U.S. Trends in Arts Attendance and Literary Reading: 2002-2017

A First Look at Results from the 2017 Survey of Public Participation in the Arts

This research booklet shows the rates at which adults in the United States have been attending arts events—and reading works of literature—over a 15-year period. Art-going (e.g., art museum visits, performing arts attendance) and literary reading (e.g., novel- or poetry-reading) are two conspicuous ways that well over 100 million Americans engage with art throughout the year. But there is also the use of electronic and online media to access and share artworks, the personal creation or performance of artworks (whether or not through electronic/online media), and formal or informal arts education. The Survey of Public Participation in the Arts (SPPA) is a reliable tool for measuring U.S. adults’ rates of taking part in these varied and enriching arts experiences.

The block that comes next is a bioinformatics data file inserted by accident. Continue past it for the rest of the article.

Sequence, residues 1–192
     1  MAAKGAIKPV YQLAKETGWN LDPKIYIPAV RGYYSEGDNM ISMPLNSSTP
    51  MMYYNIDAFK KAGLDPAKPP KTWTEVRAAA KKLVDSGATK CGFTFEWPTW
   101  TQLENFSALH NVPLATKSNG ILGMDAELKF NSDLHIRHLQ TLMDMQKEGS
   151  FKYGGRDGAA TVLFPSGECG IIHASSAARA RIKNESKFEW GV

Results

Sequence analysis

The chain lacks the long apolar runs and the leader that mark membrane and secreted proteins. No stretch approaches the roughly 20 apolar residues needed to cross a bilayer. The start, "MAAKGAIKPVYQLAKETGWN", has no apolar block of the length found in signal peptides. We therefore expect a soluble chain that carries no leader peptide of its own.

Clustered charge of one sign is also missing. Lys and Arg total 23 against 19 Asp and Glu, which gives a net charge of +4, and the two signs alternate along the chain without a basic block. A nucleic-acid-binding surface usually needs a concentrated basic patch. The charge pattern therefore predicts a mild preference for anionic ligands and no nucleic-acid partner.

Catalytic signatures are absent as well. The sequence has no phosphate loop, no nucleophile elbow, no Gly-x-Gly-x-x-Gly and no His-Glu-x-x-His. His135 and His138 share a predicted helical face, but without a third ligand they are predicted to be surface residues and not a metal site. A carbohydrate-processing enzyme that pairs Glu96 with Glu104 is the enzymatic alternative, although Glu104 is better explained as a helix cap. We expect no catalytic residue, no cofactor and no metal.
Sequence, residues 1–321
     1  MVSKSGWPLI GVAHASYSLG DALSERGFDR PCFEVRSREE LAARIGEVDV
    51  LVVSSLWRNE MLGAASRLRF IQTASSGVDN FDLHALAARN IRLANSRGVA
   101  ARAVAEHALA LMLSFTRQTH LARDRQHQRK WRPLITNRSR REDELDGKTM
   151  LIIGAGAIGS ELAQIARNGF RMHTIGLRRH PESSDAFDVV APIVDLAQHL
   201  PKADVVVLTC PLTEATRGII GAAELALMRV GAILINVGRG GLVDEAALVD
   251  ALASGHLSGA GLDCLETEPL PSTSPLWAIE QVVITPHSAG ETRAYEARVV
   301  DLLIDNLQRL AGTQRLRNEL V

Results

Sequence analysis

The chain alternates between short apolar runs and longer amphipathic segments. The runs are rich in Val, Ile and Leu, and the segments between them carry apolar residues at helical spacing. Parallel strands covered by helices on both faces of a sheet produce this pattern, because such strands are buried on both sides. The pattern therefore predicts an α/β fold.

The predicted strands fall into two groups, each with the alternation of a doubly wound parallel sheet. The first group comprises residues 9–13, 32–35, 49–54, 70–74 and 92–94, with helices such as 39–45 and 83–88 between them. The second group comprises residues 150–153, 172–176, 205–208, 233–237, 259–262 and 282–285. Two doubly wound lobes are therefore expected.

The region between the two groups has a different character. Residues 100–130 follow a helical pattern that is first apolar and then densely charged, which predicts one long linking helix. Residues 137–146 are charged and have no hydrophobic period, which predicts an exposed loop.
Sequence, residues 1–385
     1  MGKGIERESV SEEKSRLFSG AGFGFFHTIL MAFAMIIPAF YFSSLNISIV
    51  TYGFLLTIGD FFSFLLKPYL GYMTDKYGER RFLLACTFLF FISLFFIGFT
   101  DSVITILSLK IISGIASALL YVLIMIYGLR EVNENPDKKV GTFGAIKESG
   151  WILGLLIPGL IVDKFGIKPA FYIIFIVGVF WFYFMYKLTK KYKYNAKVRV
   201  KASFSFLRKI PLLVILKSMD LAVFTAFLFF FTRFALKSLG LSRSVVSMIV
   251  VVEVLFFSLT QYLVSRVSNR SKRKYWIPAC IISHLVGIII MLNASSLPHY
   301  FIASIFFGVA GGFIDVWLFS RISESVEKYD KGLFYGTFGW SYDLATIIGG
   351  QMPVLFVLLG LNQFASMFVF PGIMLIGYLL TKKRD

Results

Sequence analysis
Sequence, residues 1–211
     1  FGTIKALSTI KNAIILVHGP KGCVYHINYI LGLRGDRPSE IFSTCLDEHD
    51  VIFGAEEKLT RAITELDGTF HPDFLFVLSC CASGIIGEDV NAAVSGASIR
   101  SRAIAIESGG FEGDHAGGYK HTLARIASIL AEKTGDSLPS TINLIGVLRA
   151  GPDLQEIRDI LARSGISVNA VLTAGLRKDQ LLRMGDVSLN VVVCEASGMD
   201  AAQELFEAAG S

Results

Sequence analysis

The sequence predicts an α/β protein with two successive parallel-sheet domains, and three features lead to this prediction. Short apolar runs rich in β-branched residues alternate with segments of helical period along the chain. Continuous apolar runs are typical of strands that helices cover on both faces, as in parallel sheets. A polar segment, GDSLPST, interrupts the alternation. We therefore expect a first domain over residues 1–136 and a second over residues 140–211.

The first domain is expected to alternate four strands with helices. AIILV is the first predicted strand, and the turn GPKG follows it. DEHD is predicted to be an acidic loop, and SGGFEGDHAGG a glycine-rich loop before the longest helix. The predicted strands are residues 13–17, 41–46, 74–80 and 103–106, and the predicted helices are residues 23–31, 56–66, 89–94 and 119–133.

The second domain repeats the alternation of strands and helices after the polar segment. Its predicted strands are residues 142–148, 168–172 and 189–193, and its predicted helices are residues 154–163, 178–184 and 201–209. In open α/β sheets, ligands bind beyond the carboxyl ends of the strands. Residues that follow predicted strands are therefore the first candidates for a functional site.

In partnership with the U.S. Census Bureau, the National Endowment for the Arts has conducted the SPPA seven times since 1982. This booklet is occasioned by release of data from the 2017 SPPA. Like previous waves of the survey, the 2017 questionnaire asked Americans aged 18 and older whether they had participated in distinct types of arts activity in the preceding 12 months. The present document focuses, however, on arts attendance and literary reading. The reason is that the survey question-items for these topics have changed minimally over the years, in contrast to other sections of the SPPA. Therefore, analysis of long-term trends is possible for these two broad types of arts activity.

Source: Preface